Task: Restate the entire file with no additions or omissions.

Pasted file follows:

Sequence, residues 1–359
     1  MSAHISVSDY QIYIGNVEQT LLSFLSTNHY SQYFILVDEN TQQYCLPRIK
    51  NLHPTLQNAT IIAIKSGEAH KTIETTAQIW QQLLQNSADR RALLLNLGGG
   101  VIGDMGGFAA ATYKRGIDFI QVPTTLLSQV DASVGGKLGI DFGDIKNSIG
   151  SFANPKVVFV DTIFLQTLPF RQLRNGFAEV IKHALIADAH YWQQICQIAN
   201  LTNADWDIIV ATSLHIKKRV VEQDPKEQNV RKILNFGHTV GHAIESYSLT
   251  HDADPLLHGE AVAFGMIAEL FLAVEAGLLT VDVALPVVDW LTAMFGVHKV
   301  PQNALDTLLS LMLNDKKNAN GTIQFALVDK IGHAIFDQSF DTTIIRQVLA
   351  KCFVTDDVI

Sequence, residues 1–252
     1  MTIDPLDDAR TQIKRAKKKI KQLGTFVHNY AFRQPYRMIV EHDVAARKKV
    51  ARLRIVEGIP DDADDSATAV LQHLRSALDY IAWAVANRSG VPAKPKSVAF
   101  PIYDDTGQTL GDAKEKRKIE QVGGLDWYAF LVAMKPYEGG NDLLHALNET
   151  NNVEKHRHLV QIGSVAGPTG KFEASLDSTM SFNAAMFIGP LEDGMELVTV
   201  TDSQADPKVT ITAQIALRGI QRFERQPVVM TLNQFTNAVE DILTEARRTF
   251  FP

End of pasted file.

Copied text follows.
Sequence, residues 1–359
     1  MSAHISVSDY QIYIGNVEQT LLSFLSTNHY SQYFILVDEN TQQYCLPRIK
    51  NLHPTLQNAT IIAIKSGEAH KTIETTAQIW QQLLQNSADR RALLLNLGGG
   101  VIGDMGGFAA ATYKRGIDFI QVPTTLLSQV DASVGGKLGI DFGDIKNSIG
   151  SFANPKVVFV DTIFLQTLPF RQLRNGFAEV IKHALIADAH YWQQICQIAN
   201  LTNADWDIIV ATSLHIKKRV VEQDPKEQNV RKILNFGHTV GHAIESYSLT
   251  HDADPLLHGE AVAFGMIAEL FLAVEAGLLT VDVALPVVDW LTAMFGVHKV
   301  PQNALDTLLS LMLNDKKNAN GTIQFALVDK IGHAIFDQSF DTTIIRQVLA
   351  KCFVTDDVI

Sequence, residues 1–252
     1  MTIDPLDDAR TQIKRAKKKI KQLGTFVHNY AFRQPYRMIV EHDVAARKKV
    51  ARLRIVEGIP DDADDSATAV LQHLRSALDY IAWAVANRSG VPAKPKSVAF
   101  PIYDDTGQTL GDAKEKRKIE QVGGLDWYAF LVAMKPYEGG NDLLHALNET
   151  NNVEKHRHLV QIGSVAGPTG KFEASLDSTM SFNAAMFIGP LEDGMELVTV
   201  TDSQADPKVT ITAQIALRGI QRFERQPVVM TLNQFTNAVE DILTEARRTF
   251  FP